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In This Corner of the World: a Japanese film caught between past and present

Genco Inc

In This Corner of the World: a Japanese film caught between past and present

In This Corner of the World – Kono sekai no katasumi ni (2016) – is a film caught between worlds. It is caught between the desire to represent a troubled period in Japanese history using traditional animation techniques, and the difficulties in finding funding for “independent” anime that requires innovative uses of social media technologies.

Sunao Katabuchi’s anime film, released in the UK on June 28, is an adaptation of Fumiyo Kouno’s historical manga. It has become famed as much for its rich attention to historical detail as for its record-breaking crowdfunding in Japan. The unusual historical subject matter – Hiroshima during World War II – is part of the reason for the crowdfunding of In This Corner of the World, which eschews anime’s usual genres in favour of a female-centred story set against the increasing privations of war.

However, coverage seems to suggest that the film was funded solely through crowdfunding. This was not the case. Instead, this money was used by Katabuchi and his collaborators at the MAPPA studio to create a pilot film that could be used to gain support from more traditional film funding sources. The film eventually had a budget of over US$2.5m.

The association between In This Corner of the World and technological innovation is surprisingly at odds with Katabuchi’s use of traditional anime production techniques. It is a slice-of-life film about a woman named Suzu. The film takes us from Suzu’s girlhood as an aspiring artist to her life as a mother and wife in wartime Japan.

It focuses on her life in Kure, a port town in Hiroshima, adjacent to the site where the atomic bomb was dropped on August 6, 1945. The film focuses on the everyday aspects of Suzu’s life, and as the war increasingly intrudes into her world, Suzu uses her artistic talents to provide herself (and the audience) with moments of fantasy and escape from those harsh realities.

Anime’s 2.5-dimensional worlds

To represent this world, Katabuchi chose to use some old-fashioned anime techniques. Anime has a long association with traditional 2D cel animation. In particular, anime is often similar to the kinds of stylised animation made by companies like Hannah-Barbera in the US. This style of animation is usually called “reduced” or limited animation and these techniques produce the highly stylised and stylish worlds familiar to anime fans.

Suzu. Genco Inc

Typically, anime features simplified characters moving in front of static background drawings. One of the unique aspects of anime is that these backgrounds are often highly detailed (frequently recreating real-world places). This has become a hallmark of anime art, seen everywhere from the dense cityscapes of Akira (Katsuhiro Ōtomo, 1988) to the lush forests and landscapes of Studio Ghibli’s films.

By layering cels depicting movements on top of these painted backgrounds, anime imagery is given depth and, often, greater realism. However, digital production has irrevocably changed this process. Anime production is increasingly done on computers, which can more seamlessly integrate foreground and background images, producing what is known as 2.5D anime.

Recreating long-lost Hiroshima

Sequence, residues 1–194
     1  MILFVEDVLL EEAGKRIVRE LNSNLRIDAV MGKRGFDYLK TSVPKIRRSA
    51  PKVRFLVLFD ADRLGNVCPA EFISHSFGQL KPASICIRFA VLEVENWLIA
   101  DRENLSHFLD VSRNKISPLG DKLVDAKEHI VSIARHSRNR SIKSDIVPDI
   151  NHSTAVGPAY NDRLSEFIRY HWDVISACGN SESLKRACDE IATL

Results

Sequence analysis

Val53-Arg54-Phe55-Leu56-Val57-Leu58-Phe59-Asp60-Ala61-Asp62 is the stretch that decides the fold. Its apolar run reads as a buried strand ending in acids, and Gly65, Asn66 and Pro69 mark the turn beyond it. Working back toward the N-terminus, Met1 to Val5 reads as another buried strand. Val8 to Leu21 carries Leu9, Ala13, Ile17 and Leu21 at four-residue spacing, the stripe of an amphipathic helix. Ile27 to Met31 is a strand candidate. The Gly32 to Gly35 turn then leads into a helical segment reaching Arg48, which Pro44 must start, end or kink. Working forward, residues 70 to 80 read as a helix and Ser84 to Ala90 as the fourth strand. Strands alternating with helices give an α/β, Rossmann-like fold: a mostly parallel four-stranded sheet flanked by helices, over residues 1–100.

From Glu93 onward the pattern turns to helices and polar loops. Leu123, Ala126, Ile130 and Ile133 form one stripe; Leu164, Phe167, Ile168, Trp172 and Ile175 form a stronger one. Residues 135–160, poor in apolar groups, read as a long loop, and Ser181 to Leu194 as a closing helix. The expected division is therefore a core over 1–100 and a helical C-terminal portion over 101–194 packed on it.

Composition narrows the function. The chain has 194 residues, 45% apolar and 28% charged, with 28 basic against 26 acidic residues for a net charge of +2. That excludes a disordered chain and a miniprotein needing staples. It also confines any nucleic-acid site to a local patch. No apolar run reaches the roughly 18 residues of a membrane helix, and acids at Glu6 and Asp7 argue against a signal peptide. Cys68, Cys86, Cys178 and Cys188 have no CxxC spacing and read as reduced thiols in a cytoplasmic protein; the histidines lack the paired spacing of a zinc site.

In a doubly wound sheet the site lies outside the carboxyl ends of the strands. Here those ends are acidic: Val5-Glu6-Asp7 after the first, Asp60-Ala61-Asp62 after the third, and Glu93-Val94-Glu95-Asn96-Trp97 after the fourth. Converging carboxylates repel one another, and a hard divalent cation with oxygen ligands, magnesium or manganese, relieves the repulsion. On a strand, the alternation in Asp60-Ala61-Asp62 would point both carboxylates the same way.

Katabuchi, however, decided to retain traditional background art for In This Corner of the World. Using watercolours on paper, his team went to extremes to produce detailed, historically accurate background art. They painstakingly researched pre-atomic bomb Hiroshima as part of this process. Their project became, in part, one of historical recovery, because the atomic bomb destroyed much of what they wanted to depict.

Townscape. Genco Inc

Their access to photographs from the time only solved part of the problem, leaving gaps in their drawings of Hiroshima. To solve this problem, Katabuchi copied photographs and then he and his team did interviews with local people who had lived in the Hiroshima as children, before the bombing. Showing the local people their initial watercolours, they used their testimonies to recreate long-lost buildings and streets, reproducing memories of the Hiroshima that was obliterated when the atomic bomb fell.

As a result, In This Corner of the World is a new member of a long-standing tradition of filmmaking in Japan known as hibakusha (atomic bomb survivor) cinema. Anime has been an important part of this genre, perhaps most famously seen in the harrowing recreations of the bombing featured in Barefoot Gen (Hadashi no Gen, 1983).

However, the fact that MAPPA had to use new social media to support and promote this film suggests a strength of public support for hibabuksha cinema, with the public directly donating to its creation. This is still unusual in Japan, and particularly in anime. On the other hand, MAPPA and Katabuchi are both well known in anime circles. Their presence was part of what encouraged the public to donate to MAPPA’s campaign. The use of Makuake, the crowdfunder, to help finance the film therefore reveals new ways for anime creators to generate support to tell stories that are located outside anime’s usual genres, but these systems still rely on the star power of anime directors.

By carefully balancing history and innovation, traditional and new kinds of anime production, Katabuchi and MAPPA have been able to produce a new kind of hybrid film. In This Corner of the World shows how anime can be used to reproduce and preserve the past in the midst of a fast-changing animation industry.